Confessions of a Setup Man, Part 13: Engineering Complex

Confessions of a Setup Man, Part 13: Engineering Complex

Written by Frank Doris

I’m not a degreed engineer. True, I understand and can write about complex concepts. In fact, I’ve edited and rewritten articles by engineers, some of whom are way better at their trade than they are at putting words together, but I’m not, in fact, a trained engineer.

This often puts me at a disadvantage when diving into the tech of audio stuff, and especially when getting into debates about subjects that require comprehensive engineering knowledge. For example, I know what the Nyquist theorem is, but not so deeply that I can convincingly argue on a technical level why some people think the 44.1 kHz sampling rate of CD-quality audio is inadequate. I get the concepts, but can’t debate on the topic on the same level as an engineer who knows his or her stuff. It’s been said that 44.1 kHz can be inadequate because of poor brick-wall filters in A/D converters…or, would that be D/A converters? Or both? I gotta look it up again. (It doesn’t help that in many cases, the older you get, the harder it is to remember things.)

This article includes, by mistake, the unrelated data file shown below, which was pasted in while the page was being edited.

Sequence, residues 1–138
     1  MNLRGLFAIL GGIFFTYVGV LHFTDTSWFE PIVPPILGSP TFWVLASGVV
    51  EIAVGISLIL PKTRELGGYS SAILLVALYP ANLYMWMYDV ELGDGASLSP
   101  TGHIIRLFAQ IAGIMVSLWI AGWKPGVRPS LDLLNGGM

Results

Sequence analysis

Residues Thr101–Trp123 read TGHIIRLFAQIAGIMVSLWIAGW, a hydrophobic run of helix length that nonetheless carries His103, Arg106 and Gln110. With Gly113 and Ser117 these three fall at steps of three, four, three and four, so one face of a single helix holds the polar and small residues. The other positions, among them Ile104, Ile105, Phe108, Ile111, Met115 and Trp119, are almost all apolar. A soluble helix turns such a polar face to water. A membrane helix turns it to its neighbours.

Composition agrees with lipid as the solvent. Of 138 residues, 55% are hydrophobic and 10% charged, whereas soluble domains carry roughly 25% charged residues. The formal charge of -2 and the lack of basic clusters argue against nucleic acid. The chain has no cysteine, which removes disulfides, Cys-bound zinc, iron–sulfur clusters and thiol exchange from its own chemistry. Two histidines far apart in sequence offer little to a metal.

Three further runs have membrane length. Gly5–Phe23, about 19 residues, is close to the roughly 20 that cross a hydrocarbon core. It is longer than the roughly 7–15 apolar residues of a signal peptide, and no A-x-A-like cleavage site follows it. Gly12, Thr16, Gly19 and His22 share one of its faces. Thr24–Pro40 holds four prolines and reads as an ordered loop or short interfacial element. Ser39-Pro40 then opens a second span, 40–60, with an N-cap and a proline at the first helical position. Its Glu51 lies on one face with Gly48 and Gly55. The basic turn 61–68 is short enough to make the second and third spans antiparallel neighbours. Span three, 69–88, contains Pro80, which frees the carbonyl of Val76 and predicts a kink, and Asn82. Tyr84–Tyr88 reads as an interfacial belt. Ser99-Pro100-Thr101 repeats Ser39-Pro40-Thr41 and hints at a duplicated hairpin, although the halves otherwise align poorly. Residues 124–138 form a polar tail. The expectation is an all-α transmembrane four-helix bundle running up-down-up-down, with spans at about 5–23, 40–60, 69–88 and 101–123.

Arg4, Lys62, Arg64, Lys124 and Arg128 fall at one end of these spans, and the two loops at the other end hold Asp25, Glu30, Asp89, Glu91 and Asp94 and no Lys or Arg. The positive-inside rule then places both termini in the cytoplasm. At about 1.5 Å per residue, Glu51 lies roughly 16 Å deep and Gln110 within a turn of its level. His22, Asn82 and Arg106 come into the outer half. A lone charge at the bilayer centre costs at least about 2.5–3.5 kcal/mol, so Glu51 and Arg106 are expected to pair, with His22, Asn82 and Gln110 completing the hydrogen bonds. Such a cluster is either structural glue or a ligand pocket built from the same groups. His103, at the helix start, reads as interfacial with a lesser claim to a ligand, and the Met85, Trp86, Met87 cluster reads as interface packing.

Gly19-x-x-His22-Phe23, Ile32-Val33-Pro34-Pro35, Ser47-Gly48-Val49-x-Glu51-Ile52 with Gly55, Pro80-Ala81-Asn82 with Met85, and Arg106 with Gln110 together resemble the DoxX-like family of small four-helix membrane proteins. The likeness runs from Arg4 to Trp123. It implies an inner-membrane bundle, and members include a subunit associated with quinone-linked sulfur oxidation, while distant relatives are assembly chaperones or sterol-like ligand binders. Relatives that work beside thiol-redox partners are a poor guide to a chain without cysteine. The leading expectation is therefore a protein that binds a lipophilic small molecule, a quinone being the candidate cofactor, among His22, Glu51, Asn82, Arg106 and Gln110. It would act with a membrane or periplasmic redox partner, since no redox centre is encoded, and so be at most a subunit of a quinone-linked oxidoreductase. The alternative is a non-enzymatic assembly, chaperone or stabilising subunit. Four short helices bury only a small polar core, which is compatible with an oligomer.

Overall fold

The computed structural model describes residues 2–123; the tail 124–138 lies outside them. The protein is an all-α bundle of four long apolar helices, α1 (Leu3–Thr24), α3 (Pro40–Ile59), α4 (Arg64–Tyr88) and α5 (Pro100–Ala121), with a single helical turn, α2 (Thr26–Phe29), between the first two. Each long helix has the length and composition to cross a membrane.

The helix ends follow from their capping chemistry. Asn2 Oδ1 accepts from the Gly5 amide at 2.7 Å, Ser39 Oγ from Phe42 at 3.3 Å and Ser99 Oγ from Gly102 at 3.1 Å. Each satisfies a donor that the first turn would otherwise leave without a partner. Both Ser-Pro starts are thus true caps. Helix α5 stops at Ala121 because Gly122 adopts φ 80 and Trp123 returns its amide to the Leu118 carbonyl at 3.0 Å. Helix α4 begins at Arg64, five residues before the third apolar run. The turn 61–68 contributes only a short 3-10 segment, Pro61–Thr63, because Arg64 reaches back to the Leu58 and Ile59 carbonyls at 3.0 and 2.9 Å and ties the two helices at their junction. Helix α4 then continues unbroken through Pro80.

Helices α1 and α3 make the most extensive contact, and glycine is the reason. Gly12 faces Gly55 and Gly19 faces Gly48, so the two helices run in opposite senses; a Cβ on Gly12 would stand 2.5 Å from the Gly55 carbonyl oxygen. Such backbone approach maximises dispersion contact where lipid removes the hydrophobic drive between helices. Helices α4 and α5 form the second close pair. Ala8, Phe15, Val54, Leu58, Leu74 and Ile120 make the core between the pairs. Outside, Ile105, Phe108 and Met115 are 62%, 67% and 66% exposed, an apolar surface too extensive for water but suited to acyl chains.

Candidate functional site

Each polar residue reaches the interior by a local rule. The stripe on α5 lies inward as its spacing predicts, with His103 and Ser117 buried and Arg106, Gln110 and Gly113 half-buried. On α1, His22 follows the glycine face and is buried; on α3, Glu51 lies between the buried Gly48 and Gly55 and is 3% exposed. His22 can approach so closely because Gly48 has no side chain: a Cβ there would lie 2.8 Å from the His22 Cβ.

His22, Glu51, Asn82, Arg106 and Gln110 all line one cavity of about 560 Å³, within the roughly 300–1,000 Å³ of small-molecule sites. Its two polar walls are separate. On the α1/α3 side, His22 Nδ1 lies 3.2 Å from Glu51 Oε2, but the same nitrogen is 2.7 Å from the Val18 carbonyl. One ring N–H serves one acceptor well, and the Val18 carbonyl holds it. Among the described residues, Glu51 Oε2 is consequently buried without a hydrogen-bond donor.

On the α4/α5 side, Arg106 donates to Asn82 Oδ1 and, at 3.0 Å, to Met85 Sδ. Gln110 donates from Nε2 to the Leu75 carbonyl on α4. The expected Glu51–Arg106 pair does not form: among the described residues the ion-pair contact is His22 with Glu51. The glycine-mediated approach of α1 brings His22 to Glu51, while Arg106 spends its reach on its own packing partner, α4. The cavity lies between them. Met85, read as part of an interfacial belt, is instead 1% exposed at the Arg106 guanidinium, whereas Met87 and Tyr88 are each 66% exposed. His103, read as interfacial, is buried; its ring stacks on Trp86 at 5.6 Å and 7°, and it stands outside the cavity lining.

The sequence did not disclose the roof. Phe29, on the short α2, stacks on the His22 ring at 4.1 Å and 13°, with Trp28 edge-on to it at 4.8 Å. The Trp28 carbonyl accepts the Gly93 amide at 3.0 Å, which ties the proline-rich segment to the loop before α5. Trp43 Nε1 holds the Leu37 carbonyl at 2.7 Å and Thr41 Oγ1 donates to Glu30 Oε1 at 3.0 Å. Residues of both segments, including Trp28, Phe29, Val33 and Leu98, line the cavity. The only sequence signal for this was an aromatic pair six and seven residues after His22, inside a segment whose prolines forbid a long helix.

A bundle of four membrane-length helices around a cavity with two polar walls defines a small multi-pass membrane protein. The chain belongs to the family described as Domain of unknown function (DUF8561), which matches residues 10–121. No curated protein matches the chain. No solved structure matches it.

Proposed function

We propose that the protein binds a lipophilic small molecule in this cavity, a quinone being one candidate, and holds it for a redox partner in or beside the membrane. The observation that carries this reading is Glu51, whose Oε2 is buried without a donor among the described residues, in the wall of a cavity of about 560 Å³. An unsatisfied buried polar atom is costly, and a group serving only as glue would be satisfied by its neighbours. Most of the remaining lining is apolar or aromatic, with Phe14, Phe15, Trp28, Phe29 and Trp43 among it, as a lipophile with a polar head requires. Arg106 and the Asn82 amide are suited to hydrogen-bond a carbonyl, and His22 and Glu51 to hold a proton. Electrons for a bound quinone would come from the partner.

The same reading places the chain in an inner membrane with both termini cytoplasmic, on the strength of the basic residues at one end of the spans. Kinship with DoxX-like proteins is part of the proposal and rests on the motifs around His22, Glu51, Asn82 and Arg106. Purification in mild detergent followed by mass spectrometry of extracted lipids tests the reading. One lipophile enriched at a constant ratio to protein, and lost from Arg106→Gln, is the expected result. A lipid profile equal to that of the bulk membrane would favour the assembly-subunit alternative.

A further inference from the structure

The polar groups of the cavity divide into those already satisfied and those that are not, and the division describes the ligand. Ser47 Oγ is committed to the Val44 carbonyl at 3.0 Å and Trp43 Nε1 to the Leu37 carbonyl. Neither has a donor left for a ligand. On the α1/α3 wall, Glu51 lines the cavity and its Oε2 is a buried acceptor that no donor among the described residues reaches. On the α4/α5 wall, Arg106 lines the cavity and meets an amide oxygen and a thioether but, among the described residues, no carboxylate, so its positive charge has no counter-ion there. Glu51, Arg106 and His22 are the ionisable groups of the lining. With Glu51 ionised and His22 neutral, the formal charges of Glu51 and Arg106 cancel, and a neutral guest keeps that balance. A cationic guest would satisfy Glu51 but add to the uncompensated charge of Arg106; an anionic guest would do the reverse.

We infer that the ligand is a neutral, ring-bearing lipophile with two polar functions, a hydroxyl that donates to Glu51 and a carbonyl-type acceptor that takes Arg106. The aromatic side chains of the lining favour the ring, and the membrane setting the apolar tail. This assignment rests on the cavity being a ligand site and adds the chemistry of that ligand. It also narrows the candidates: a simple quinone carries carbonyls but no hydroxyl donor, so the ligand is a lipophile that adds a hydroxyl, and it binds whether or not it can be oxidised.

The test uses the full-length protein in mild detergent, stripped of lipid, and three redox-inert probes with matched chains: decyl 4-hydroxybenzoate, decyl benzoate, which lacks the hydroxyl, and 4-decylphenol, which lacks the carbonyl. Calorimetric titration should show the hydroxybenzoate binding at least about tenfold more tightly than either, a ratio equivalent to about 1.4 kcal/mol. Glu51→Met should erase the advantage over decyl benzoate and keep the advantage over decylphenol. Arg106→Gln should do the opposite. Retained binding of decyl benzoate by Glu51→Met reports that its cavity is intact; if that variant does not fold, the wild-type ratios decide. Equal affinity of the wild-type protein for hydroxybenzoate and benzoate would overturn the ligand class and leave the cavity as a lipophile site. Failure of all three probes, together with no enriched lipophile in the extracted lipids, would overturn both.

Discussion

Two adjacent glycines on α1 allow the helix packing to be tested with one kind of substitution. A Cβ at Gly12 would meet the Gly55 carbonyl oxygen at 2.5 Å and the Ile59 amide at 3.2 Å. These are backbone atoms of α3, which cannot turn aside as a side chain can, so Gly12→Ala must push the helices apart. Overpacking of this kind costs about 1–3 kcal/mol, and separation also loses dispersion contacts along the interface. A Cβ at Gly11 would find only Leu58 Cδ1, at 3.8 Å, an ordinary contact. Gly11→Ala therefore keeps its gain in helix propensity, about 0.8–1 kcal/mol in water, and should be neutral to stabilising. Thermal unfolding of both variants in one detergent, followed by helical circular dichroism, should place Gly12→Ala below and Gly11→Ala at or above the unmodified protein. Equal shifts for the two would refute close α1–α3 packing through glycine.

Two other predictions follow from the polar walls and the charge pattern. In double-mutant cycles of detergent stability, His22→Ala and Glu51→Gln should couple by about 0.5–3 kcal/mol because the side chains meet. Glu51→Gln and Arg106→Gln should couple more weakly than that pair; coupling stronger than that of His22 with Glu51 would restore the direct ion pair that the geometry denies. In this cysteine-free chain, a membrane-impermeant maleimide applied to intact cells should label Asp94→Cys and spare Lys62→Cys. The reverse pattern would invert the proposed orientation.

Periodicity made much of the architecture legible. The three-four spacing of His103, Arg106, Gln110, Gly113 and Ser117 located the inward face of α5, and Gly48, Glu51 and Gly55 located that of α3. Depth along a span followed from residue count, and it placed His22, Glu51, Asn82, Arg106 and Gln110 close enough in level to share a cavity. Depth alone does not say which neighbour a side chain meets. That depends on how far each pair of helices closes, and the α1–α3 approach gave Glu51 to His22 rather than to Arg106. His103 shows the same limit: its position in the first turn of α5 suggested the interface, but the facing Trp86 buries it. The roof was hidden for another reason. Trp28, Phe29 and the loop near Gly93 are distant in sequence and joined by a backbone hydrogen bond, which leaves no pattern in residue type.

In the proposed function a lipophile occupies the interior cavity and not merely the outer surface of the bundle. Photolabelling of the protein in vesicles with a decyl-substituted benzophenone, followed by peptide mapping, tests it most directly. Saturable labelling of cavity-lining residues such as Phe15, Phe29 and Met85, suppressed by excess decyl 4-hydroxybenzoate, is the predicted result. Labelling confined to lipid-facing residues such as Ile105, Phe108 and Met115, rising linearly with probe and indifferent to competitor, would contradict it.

I’m better at writing than I am at math. I can “grok” math up through trigonometry, but as a college freshman I was chagrined to find out that I simply didn’t understand anything beyond basic calculus other than to know that there are limits, and my brain had reached mine.

But math and engineering are inseparable.

In other words, when talking with engineers, I’m on unequal ground. When I was just starting out in audio, this made me feel insecure. Who the heck was I to talk speaker design with David Wilson, or room acoustics with Dr. Floyd E. Toole? I just didn’t have the foundation to converse on their level. I still don’t. I’ve learned a lot, but I’m never going to get that engineering degree.

On the other hand, I have decades of experience in working with and listening to audio components. And when it comes to having the conviction of knowing what I hear, the word “insecure” does not apply. I’ve been to the Harman listening lab in Northridge, California, where I laid my reputation on the line and passed rigorously-controlled double-blind listening tests with flying colors. (But that was something like 15 years ago. Could I pass such a test today, with hearing that is undoubtedly now diminished? I bet a dime, Martini.)